"This is not the story of how Hitler seized power. It's the story of how and why the German people gave it to him." An unusual documentary, to say the least. Almost all of the clauses in the Treaty of Versailles that ended World War I were intended to humiliate and punish Germany, which had been on the losing side of a war that seemed to sweep up every country in Europe. Germany, with an economy in ruins, would pay reparations for the cost of the war. The nation was broken up into parts. A weak democracy was forced on them. Hyperinflation had made currency pointless. There was chaos in the streets during the 1920s. It was like the end of the world.
Out of this sprang magicians, rabble rousers, and religious fanatics, all promising to bring an end to the disorders. One of them was Adolf Hitler. He became better known after a ludicrous attempt to start a revolution in a beer hall. And he had charisma, a superlative performance artist. He ran for president of the Republic and was defeated. In fact, in none of his campaigns did he receive more than 37 percent of the vote, but the Nazi party was the largest in Europe. And as the misery index rose after the beginning of the Great Depression, Hitler was appointed Chancellor in 1933, the same year Roosevelt took office.
Also in that year, someone unknown to this day burned down the Parliament Building in Berlin. Hitler, now in power, at once blamed the communists, claiming the fire was a signal for them to take over the country. The Nazi press spread rumors about communist cells, their intent to pillage towns and cities and turn Germany into another Russia. The people of Germany responded predictably. Instead of a nebulous set of economic and political factors crushing the Germans, it was much easier to demonize a particular group that could be identified with a name and a face -- and this was before the internet increased the power of hate-filled rumors.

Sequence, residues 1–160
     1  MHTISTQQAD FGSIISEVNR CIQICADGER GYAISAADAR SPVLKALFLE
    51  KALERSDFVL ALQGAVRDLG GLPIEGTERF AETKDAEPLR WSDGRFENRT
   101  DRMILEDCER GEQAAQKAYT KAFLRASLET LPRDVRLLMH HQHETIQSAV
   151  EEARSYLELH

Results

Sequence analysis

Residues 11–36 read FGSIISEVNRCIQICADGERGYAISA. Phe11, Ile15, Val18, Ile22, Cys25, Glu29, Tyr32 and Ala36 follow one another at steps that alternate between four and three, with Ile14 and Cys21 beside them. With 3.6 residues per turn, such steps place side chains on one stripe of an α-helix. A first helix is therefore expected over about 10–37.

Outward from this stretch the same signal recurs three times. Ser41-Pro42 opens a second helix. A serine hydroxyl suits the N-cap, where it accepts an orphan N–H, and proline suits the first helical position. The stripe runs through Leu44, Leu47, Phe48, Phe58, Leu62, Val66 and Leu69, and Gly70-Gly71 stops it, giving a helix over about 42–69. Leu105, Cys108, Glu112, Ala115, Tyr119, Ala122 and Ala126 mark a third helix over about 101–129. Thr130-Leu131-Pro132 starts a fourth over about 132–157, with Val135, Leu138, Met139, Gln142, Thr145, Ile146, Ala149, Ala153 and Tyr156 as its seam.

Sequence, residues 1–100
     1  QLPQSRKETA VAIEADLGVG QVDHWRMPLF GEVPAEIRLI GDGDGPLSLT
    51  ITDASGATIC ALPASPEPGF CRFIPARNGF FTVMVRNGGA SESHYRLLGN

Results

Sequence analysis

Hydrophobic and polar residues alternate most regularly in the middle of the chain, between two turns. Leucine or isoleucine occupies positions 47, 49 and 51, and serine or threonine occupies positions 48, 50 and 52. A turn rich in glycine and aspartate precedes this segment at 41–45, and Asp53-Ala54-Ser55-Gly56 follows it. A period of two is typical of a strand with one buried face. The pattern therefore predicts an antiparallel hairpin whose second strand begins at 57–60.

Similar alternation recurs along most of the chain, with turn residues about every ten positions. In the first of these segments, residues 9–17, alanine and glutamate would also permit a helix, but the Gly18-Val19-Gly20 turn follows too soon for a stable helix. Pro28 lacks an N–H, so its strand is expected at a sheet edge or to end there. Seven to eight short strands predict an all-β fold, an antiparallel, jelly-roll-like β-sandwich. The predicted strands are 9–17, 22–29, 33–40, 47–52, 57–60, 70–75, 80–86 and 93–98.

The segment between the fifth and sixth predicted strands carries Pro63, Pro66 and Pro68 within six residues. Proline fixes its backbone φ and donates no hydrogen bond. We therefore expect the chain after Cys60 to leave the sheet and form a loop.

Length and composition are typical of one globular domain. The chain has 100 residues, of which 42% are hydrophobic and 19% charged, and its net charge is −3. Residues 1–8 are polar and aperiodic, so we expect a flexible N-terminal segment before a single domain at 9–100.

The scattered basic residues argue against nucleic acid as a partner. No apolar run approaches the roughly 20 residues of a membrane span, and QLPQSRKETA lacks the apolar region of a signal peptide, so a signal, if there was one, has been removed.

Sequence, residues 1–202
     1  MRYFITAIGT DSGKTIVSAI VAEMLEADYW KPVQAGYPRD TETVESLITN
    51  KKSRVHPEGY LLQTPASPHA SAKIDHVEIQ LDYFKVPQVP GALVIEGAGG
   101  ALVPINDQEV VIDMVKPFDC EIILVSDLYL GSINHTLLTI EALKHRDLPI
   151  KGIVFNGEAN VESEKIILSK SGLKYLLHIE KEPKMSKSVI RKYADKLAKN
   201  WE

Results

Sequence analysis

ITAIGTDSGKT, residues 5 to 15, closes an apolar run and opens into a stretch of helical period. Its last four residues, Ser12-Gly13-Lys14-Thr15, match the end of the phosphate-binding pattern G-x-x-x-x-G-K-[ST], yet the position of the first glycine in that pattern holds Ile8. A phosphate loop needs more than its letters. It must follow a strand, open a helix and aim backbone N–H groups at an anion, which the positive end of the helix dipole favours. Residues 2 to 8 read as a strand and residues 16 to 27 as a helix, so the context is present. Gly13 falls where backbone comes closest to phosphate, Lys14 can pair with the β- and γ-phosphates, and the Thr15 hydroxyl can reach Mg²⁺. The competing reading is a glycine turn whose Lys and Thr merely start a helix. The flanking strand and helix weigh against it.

Fewer than 1 percent of Germans were Jews, and they were convinced that, as loyal Germans, they had nothing to fear. They were mostly secular and the men had fought alongside Hitler in the trenches. Nevertheless, after the commies were arrested and disposed of, the Jews were next in line, beginning with a boycott of Jewish businesses. But the cleaning up of society wasn't limited to communists or Jews. Any sign of hereditary weakness -- epilepsy or retardation in the family -- led to sterilization. People were plucked out of their social networks for slight signs of discomfort with the dictatorship. So citizens began using the Hitler salute to stay out of trouble. The columns of uniformed troops marching through the streets were now followed by flag-waving civilians. From the diary of Victor Klemperer, a literature professor: "Everyone -- literally everyone -- cringes with fear." The first thing children learned when they entered school was the mandated greeting, "Heil Hitler." All boys over the age of twelve were required to join the Hitler Youth whether they wanted to or not. Propaganda films made the Hitler Jugend seem like fun, all clean outdoor living, exercise, and discipline, kind of like the Boy Scouts except that the lessons learned leaned toward the military because Hitler was the Troop Leader. Of the lessons learned, one was that Germany needed not only pure Aryans but more of them. Of the girls who left home to visit Berlin for the 1936 Olympics, nine hundred returned pregnant. There's a German actor, popular in the 50s and 60s, Hardy Kruger, whose career may have been slightly stunted because he was said to have been "involved in the Hitler Youth." How could he not have been? As I said, it's an unusual documentary because the point of view is that of the German citizenry rather than the leadership. There is an informed (and somewhat purple) narration but no expert talking heads. The films we see, as often as not, are home movies and newsreels. There are multiple excerpts from diaries and personal letters. It's not simple minded. We already KNOW what happened during World War II and we know who was responsible, so as far as this documentary goes it's more interested in explanation than judgment. As a sociologist, that's fine with me.
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